Public Health Leaders Connect to Strengthen State and Federal Relations

March 14, 2018|5:14 p.m.| ASTHO Staff

On March 14, ASTHO hosted a workshop on leadership in government as part of this year’s Washington Week, convening more than two dozen state and territorial health officials for discussions on developing a deeper understanding of how federal organizations, processes, systems, and relationships related to public health work and how to interact effectively with government representatives and organizations.

Leadership in Government OverviewASTHO Executive Director Michael Fraser began by welcoming ASTHO members and introducing John Monahan, senior advisor for global health at Georgetown University, as well as Howard Koh (alumnus-MA), former HHS assistant secretary for health and professor at the Harvard T.H. Chan School of Public Health, both of whom moderated the day’s panels.

Leadership in Government Session 1The first session focused on coordinating with federal representatives on Capitol Hill. The panel of experts, including Marissa Levine (SHO-VA), shared tips for building and sustaining strong relationships with congressional delegations and designated federal liaisons, as well as challenges and opportunities. “One of the values of ASTHO is that we have the opportunity to speak in one voice,” said Levine, emphasizing ASTHO’s role in developing federal relations. John Monahan concluded the session with three key takeaways, advising state and territorial health officials to embrace their credibility, focus on relationships, and clearly communicate their priorities.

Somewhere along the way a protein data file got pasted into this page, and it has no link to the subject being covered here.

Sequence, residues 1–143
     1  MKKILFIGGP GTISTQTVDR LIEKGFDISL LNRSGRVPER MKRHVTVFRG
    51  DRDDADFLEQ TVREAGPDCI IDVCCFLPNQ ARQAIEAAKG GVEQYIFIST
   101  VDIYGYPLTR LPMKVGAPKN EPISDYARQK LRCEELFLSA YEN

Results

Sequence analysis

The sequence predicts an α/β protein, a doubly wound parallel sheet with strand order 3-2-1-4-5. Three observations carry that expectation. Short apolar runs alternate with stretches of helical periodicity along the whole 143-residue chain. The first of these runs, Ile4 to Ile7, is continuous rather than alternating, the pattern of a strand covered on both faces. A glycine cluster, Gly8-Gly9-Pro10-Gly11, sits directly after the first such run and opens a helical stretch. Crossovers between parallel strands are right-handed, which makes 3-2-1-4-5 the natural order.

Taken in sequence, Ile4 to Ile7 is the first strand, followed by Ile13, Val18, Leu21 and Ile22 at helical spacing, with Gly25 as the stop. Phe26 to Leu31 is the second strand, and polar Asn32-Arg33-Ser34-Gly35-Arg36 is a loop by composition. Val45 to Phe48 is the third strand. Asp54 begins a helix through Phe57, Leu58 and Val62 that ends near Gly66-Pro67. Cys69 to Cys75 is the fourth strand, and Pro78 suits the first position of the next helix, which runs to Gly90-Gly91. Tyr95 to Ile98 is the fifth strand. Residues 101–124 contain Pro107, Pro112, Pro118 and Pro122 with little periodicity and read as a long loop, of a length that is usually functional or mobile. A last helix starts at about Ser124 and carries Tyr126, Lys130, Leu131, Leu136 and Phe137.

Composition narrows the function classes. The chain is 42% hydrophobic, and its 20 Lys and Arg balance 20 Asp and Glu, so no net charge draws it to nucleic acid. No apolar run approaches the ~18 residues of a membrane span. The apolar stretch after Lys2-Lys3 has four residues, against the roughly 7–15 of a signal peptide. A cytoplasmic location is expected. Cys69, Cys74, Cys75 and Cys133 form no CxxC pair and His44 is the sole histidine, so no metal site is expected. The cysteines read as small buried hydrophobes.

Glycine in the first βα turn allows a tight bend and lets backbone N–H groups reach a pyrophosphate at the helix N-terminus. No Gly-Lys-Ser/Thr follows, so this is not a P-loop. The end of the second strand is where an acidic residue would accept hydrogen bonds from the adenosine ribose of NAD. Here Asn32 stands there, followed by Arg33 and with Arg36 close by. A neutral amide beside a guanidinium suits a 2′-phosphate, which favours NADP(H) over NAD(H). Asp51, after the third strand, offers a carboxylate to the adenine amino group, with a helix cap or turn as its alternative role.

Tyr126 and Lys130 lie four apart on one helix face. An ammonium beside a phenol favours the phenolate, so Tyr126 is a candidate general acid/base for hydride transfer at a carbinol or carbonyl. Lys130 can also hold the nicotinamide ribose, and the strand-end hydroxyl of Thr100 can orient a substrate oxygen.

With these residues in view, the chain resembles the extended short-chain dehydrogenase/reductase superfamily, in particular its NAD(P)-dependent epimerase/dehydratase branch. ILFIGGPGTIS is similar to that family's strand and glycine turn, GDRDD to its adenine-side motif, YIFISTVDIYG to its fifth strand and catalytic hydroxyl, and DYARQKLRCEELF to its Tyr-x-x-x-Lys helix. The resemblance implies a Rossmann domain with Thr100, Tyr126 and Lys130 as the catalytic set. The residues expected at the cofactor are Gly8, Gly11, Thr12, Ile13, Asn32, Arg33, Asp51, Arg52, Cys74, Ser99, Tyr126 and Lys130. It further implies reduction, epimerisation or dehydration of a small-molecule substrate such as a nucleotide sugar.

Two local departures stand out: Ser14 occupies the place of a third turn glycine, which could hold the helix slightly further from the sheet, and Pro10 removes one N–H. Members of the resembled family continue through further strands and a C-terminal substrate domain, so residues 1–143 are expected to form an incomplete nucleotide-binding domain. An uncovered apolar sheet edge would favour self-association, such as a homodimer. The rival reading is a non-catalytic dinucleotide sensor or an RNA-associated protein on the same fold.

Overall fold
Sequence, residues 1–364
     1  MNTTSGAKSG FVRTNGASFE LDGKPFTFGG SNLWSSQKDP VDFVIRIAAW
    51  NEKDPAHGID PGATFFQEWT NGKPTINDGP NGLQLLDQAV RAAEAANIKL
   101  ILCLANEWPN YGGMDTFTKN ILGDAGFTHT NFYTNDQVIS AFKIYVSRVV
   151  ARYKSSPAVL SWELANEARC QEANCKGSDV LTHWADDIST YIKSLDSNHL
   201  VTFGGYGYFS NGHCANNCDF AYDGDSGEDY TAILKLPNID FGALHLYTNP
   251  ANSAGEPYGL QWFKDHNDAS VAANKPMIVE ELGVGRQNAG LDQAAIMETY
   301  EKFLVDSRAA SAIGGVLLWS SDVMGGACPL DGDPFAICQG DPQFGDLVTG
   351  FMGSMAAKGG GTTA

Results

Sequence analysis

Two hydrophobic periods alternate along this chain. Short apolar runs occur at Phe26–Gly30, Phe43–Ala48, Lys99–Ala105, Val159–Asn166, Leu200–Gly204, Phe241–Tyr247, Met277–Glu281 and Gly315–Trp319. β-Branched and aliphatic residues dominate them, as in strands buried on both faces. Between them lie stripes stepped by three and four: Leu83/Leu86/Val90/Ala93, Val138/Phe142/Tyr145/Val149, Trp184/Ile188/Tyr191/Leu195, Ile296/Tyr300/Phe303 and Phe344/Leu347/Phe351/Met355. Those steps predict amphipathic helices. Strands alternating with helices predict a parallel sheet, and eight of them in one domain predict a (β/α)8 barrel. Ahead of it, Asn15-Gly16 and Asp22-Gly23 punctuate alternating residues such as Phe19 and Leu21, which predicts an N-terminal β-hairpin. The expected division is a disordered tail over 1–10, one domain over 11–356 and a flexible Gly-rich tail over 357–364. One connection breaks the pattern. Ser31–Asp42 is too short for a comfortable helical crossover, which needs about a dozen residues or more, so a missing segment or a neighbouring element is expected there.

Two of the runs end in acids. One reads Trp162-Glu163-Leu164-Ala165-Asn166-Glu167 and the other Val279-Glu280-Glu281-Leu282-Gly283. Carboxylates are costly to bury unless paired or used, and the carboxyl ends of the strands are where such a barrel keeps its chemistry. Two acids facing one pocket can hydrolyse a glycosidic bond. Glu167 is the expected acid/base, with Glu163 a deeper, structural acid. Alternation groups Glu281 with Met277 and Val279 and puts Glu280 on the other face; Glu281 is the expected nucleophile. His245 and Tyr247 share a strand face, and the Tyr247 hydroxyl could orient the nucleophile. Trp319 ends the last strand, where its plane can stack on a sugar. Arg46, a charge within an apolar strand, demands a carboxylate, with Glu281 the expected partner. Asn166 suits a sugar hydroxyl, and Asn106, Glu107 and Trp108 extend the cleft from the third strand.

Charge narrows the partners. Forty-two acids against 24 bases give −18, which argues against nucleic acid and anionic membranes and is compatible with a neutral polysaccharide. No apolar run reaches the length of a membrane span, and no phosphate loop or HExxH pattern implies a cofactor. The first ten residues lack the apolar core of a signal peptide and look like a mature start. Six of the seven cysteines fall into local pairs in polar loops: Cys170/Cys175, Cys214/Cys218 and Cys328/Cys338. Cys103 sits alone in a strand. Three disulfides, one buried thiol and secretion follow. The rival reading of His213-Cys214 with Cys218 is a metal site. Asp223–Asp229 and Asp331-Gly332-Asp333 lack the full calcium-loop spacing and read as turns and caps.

Leadership in Government Session 2The next session focused on federal spending and how the President’s Budget impacts these spending levels. Carolyn Mullen, ASTHO’s chief of government affairs, opened with a brief introduction on the budget process and then turned it over to the panel for discussion. Gerd Clabaugh (SHO-IA) detailed the role state health officials play when balancing tradeoffs between state and federal budget priorities and the responsibilities of a public health agency. “Right now, in this time of austerity, we face challenges, but we have the opportunity to get back to core public health functions,” said Clabaugh.

Leadership in Government Session 3Tahra Johnson discussed perspectives from the National Conference of State Legislatures during lunch, followed by a session that offered an orientation to HHS. Howard Koh discussed the activities of agencies important to public health, such as CDC, HRSA, SAMHSA, and the Office of the Assistant Secretary for Health, and shared personal experiences about what he wishes he had known as a state health official. The session also covered how, when, and why state and territorial health officials should connect with HHS, as well as the core mission and functions of regional health administrators. “It’s important to get to know the folks in the regional offices,” said ASTHO Immediate-Past President Jay Butler (SHO-AK). “They can be a real asset.”

Leadership in Government Session 4The afternoon concluded with a session on HHS opioid coordination and cross-cutting activities. Cecilia Spitznas, senior science policy advisor for the White House Office of National Drug Control Policy, spoke on cross-sector partnerships related to the opioid epidemic, detailing federal coordination with ASTHO members, strategies to prevent drug abuse and dependence, as well as approaches to treating people with substance use disorders, including naloxone administration and medication-assisted treatment. The panel ended with a presentation on partnerships for children and families, with a focus on early care and education as well as opportunities to coordinate with state and territorial public health officials.